WARNING/CAUTION: Even though it may be rare, some people may have very bad and sometimes deadly side effects when taking a drug. Tell your doctor or get medical help right away if you have any of the following signs or symptoms that may be related to a very bad side effect:

• Liver problems like dark urine, fatigue, lack of appetite, nausea, abdominal pain, light-colored stools, vomiting, or yellow skin.

• Fever

• Stevens-Johnson syndrome/toxic epidermal necrolysis like red, swollen, blistered, or peeling skin (with or without fever); red or irritated eyes; or sores in mouth, throat, nose, or eyes.

• Signs of an allergic reaction, like rash; hives; itching; red, swollen, blistered, or peeling skin with or without fever; wheezing; tightness in the chest or throat; trouble breathing, swallowing, or talking; unusual hoarseness; or swelling of the mouth, face, lips, tongue, or throat.

Note: This is not a comprehensive list of all side effects. Talk to your doctor if you have questions.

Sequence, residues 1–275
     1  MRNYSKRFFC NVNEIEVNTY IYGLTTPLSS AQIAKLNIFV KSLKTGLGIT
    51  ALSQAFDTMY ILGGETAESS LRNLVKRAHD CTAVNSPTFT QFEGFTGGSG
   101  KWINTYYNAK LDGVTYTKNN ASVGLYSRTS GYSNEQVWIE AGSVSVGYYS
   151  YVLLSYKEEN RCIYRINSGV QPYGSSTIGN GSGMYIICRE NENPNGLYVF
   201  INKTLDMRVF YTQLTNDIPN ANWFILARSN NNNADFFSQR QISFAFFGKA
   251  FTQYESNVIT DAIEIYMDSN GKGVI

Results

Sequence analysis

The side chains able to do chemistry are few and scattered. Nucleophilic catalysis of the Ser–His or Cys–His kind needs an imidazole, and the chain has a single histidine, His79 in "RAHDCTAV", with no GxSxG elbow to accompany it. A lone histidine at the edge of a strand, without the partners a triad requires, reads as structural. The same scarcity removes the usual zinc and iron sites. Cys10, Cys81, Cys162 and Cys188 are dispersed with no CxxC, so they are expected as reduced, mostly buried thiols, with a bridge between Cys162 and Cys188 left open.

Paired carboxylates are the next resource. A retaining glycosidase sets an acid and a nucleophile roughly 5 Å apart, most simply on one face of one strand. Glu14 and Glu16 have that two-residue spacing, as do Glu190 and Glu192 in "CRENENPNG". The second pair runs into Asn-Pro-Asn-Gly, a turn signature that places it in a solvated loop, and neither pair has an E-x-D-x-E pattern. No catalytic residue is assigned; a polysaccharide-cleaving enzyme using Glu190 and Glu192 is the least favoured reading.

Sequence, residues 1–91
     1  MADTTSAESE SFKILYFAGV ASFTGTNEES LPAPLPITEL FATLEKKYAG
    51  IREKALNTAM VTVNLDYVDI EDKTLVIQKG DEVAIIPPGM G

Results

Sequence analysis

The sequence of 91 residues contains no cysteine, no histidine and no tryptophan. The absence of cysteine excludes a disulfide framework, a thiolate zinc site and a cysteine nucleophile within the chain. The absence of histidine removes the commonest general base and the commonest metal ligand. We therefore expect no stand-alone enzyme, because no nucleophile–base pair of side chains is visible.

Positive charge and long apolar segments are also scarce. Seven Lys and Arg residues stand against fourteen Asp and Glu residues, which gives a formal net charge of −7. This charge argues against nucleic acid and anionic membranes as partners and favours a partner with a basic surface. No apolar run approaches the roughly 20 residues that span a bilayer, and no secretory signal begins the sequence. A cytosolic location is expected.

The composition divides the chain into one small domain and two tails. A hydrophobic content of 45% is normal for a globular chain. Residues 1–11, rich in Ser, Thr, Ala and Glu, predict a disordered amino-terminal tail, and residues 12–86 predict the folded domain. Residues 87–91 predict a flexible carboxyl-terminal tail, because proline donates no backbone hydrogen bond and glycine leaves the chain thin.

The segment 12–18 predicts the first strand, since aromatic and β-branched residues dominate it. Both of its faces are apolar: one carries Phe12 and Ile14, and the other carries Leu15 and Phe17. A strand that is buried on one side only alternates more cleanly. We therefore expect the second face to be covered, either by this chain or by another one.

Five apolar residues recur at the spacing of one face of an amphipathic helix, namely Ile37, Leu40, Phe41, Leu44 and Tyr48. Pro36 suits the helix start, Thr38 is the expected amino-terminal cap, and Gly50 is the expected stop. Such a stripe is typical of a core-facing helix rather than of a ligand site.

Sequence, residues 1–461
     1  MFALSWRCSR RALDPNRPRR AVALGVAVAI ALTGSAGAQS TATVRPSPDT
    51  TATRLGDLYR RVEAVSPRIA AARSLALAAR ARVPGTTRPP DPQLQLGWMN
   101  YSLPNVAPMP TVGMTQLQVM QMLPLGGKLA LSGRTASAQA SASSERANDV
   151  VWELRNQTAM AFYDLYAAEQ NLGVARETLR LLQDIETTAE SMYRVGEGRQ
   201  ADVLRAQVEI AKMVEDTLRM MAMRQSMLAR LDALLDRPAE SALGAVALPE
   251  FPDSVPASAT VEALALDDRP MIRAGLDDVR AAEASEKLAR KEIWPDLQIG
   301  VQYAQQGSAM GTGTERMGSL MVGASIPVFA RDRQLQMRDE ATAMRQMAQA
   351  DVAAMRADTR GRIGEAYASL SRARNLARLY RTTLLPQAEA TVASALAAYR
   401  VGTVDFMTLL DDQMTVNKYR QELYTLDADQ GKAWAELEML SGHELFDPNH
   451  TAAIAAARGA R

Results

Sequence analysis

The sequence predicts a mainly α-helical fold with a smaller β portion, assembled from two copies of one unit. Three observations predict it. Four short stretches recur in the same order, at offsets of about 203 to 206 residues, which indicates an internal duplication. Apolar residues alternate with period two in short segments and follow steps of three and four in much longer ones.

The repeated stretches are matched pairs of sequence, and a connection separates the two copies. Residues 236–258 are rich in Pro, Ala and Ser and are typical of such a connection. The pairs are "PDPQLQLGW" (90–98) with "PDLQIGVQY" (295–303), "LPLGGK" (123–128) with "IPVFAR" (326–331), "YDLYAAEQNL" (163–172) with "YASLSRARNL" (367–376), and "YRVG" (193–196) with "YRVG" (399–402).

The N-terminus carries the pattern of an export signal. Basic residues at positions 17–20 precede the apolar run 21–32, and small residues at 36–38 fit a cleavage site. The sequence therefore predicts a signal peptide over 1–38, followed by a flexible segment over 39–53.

Consumer Information Use and Disclaimer: This information should not be used to decide whether or not to take this medicine or any other medicine. Only the healthcare provider has the knowledge and training to decide which medicines are right for a specific patient. This information does not endorse any medicine as safe, effective, or approved for treating any patient or health condition. This is only a limited summary of general information about the medicine's uses from the patient education leaflet and is not intended to be comprehensive. This limited summary does NOT include all information available about the possible uses, directions, warnings, precautions, interactions, adverse effects, or risks that may apply to this medicine. This information is not intended to provide medical advice, diagnosis or treatment and does not replace information you receive from the healthcare provider. For a more detailed summary of information about the risks and benefits of using this medicine, please speak with your healthcare provider and review the entire patient education leaflet.

Further information

Always consult your healthcare provider to ensure the information displayed on this page applies to your personal circumstances.